Enter, stage left, the Great Chain of Being…
This, an idea common to much ancient Greek philosophy, held that all that exists is linked in a continuous chain, or hierarchy, from top to bottom. As we saw in the last post such ideas had little impact on early Christian thought, which though interacting with philosophy was fundamentally biblical, and concerned with religious truth, leaving science to the scientists. Exceptions were writers like the mainly Platonist Origen (whose views were considered flaky as a result) and, notably, the heretical Gnostics.
The Gnostics promoted Platonic and Middle Platonic ideas of a heavenly hierarchy from intrinsically evil matter to God, via an incompetent Demiurge who actually made us. In the third century the pagan Neoplatonist Plotinus
…taught the existence of an ineffable and transcendent One, the All, from which emanated the rest of the universe as a sequence of lesser beings. Later Neoplatonic philosophers, especially Iamblichus, added hundreds of intermediate beings such as gods, angels, demons, and other beings as mediators between the One and humanity.
All this was of little interest to most orthodox Christians. By the time of Maximus the Confessor (see previous post) the Western Roman Empire had more or less ceased to exist for a century after barbarian invasions and internal strife. It was culturally cut off from the eastern empire based at Constantinople, which in turn became increasingly beleaguered by barbarians and then by the Muslims. Greek literature was therefore largely lost to the west. The Christian most effective in limiting this loss was Isidore of Seville (c. 560–636), “the last scholar of the ancient world”, who tried to compile a rather uncritical summa of universal knowledge, the Etymologiae.
Our old Saxon friend St Bede used mainly Isidore and the Roman Pliny in his brief cosmology On the Nature of Things (c703). Like most educated Christians he accepted the Classical view that the earth was spherical, and he includes an Aristotelian hierarchy of the four elements:
“Nature contains [the earth] and denies it any place to fall” (Pliny, NH 2.65.162). Situated in the centre or pivot of the world, the earth, being heaviest, holds the lowest and central place in creation, since water, air and fire as it were by the levity of their nature and likewise by their situation rank above it.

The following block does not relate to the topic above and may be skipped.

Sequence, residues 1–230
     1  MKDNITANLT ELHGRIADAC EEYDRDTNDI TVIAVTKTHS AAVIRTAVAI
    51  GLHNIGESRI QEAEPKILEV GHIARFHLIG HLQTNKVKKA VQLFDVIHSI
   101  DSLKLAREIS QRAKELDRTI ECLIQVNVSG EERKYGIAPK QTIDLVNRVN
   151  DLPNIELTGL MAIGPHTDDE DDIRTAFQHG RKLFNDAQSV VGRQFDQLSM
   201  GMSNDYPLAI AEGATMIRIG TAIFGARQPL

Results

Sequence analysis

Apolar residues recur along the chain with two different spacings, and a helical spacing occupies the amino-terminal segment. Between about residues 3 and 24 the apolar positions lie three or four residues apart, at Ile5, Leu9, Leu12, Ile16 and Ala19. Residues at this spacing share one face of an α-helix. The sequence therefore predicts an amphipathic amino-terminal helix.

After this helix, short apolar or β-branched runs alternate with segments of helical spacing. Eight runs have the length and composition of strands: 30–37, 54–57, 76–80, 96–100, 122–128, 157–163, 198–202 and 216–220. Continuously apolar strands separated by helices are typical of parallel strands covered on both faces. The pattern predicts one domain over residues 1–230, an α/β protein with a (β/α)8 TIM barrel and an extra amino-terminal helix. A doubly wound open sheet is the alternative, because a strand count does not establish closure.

Otherwise, there is no real sign of the Chain of Being in Bede – his book depends on ancient knowledge of natural history, but little on philosophy.
Things began to change greatly around the turn of the millennium, as Christian scholars became more interested in Greek works from the East, but there was a massive surge when translations from Arabic sources became available in the late 11th century, especially translations of the works of Aristotle, who had been almost forgotten since the 7th century. Thomas Aquinas, of course, was responsible for a thorough synthesis of Aristotle, plus a bit of Plato, with Christianity – but at a cost.
Ptolemy, the astronomer and astrologer, was also translated into Latin in the 12th century, giving his cosmography greater prominence. Ptolemy was an Aristotelian, and his geocentric scheme, corresponding to Aristotle’s scale of elements, was intrinsically heirarchical and theological. Suitably christianized, his outer Empyreum, seat of the prime mover, became God’s heaven. The earth became the universe’s lowest and least prestigious place (though hell was soon placed at the earth’s centre), and so separated from God by a hierarchy of celestial spheres.
Society and the Church having become more heirarchical too, this cosmological “gradualism” became increasingly appealing. Already, as in the 1110 manuscript to the right, a hybrid spiritual hierarchy had been attempted. Translated, the box reads: the throne of the triune God -> angelic heaven -> upper waters -> firmament -> Mt Olympus(!) -> aether (the finest, 5th element) -> air -> earth -> sea -> the abyss -> three layers of hell. Compare that to the Hebrew cosmic temple or the God-suffused cosmos of St Basil – it’s very different conceptually.